Tweetbeat helps beat reporters keep track of the buzz on their beats via Twitter.
What it does
TweetBeat is a web application that allows a user to search within a specific community of handles on Twitter. The project was inspired by Fuego, a Nieman Lab project, that is constantly updated and displays the most popular links being shared by influential users in the journalism innovation community. TweetBeat lets users create their own communities to explore. Users give TweetBeat five influencer handles, and TweetBeat track those five handles in addition to all the handles that these original five follow. The technology then returns popular hashtags and keywords this extended network is currently tweeting about. TweetBeat also analyzes the network and finds other influential handles.
How it works
Users enter five similar Twitter handles on the TweetBeat homepage, the technology then uses the Twitter REST API to collect the array of relevant handles. The algorithm builds a large list of these “friends” and then chooses the top ranked friends by the number of times they appear in the compiled list. TweetBeat then takes the top handles from this list and requests their user timeline to collect relatively recent tweets from each handle. After all the tweets are collected into a large array, TweetBeat breaks them down into components including keywords, hashtags and top links. Once the tweets are broken down and analyzed in the Python backend, these three areas along with the top ranked users are set to the HTML templates to display to the user. Whenever a new search is conducted, TweetBeat rebuilds the network from the new input, and all the new data is collected again via the Twitter API.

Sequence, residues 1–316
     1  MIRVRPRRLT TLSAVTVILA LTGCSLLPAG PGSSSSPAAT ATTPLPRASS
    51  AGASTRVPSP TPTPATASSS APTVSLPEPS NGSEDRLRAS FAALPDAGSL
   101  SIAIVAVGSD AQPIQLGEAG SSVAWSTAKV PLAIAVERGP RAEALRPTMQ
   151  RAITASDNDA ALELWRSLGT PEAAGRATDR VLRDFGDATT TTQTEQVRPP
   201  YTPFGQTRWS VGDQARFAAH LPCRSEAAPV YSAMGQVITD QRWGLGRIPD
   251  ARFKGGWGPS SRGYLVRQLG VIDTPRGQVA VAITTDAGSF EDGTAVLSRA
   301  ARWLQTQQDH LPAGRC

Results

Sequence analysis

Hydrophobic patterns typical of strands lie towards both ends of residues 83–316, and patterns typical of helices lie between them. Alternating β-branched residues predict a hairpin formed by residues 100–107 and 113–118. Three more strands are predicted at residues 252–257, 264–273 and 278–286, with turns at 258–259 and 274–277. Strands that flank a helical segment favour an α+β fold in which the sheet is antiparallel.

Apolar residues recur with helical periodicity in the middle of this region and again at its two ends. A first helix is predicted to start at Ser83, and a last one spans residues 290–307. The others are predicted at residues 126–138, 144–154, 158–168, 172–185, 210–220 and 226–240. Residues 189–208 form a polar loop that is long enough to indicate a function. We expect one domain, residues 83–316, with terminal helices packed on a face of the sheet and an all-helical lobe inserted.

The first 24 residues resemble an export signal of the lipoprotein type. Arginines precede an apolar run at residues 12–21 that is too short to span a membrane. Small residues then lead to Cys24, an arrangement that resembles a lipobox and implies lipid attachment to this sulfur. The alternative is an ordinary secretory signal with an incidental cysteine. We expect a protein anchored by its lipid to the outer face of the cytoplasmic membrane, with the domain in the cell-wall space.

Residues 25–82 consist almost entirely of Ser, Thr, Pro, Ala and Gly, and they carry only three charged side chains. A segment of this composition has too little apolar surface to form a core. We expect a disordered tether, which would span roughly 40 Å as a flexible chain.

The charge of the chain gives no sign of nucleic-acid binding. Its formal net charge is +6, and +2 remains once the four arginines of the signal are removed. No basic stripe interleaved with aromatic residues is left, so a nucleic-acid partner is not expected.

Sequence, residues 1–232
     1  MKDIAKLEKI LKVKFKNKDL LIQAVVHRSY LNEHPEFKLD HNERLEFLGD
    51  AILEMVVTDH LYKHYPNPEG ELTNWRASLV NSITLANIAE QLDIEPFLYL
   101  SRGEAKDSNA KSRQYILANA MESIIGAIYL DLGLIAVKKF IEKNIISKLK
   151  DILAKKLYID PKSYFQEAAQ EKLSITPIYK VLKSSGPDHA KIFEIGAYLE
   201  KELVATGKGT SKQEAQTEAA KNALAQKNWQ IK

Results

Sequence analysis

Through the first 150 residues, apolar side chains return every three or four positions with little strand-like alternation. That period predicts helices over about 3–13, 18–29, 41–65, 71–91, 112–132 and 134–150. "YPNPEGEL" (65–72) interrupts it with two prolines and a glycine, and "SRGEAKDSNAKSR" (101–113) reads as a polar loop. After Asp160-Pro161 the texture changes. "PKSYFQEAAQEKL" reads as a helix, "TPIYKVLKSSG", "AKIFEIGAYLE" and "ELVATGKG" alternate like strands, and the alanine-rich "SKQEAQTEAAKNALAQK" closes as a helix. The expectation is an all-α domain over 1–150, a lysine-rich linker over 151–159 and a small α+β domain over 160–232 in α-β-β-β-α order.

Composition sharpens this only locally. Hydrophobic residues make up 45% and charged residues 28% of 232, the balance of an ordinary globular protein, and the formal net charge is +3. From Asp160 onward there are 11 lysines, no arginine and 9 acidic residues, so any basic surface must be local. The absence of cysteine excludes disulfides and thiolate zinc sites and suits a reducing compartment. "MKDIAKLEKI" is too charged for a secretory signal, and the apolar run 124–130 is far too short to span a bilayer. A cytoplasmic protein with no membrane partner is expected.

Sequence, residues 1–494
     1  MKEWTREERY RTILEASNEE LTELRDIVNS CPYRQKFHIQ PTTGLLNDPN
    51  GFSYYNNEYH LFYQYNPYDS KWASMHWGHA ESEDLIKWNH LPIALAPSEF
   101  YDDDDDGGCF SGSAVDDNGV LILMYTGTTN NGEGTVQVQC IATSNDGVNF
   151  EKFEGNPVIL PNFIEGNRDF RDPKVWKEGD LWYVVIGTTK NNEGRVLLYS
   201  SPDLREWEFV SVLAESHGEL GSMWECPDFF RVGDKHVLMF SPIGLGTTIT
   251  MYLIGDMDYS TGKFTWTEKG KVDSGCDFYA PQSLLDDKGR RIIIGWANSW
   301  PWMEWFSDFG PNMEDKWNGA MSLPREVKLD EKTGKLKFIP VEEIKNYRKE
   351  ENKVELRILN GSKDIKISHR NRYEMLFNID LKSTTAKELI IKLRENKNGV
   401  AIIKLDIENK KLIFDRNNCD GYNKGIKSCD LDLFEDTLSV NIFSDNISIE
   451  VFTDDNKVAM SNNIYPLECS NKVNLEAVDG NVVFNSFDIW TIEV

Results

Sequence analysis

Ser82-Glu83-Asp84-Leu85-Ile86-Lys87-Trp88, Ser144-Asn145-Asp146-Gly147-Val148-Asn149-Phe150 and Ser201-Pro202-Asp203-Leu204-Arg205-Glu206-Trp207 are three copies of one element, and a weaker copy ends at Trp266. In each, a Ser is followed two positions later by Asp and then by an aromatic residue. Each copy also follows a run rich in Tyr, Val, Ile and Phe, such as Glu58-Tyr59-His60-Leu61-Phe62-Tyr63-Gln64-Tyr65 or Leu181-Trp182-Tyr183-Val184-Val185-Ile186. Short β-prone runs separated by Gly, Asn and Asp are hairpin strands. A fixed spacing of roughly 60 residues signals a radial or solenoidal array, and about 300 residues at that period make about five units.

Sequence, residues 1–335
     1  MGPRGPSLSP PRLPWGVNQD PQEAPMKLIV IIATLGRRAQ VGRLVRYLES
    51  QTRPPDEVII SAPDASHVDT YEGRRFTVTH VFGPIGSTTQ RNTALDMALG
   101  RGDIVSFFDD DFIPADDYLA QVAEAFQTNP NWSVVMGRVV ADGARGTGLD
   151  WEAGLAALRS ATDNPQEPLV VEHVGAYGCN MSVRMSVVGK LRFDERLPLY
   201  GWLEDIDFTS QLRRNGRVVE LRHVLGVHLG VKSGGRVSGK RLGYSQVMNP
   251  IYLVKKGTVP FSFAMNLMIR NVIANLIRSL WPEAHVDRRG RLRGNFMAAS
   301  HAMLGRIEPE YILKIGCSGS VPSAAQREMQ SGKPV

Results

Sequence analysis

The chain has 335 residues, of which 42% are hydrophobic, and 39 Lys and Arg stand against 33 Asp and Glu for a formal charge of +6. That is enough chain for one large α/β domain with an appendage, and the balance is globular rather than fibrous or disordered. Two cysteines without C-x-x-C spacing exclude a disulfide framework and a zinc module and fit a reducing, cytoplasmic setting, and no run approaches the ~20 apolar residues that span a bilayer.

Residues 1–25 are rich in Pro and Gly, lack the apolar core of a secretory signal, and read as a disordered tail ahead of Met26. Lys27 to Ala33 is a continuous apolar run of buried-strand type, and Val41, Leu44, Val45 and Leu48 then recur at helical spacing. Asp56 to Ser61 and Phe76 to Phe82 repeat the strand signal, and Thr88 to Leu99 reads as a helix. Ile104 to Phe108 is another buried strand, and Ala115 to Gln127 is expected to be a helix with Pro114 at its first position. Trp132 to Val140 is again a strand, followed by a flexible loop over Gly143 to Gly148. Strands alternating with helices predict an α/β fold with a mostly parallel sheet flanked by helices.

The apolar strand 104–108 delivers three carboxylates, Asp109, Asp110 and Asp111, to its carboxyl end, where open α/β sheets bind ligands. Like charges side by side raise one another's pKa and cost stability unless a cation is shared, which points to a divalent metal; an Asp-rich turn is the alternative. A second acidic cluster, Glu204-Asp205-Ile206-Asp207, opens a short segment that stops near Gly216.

- Build an application that runs in the background to continue to enhance the user network and its accuracy and relevancy.
- Allow a user to adjust the timeframe for a search instead of most recent tweets only.
- Include more comprehensive information than the four categories currently displayed, such as specific tweets, statistics about the results and more.
- Cache the data in a database so that user sessions could be saved and revisited at a later time without having to change the timeframe parameters or the Twitter handles entered.
Student Team: Megha Singh Das, Philip House, Denise Lu
Faculty Guidance: Larry Birnbaum, Rich Gordon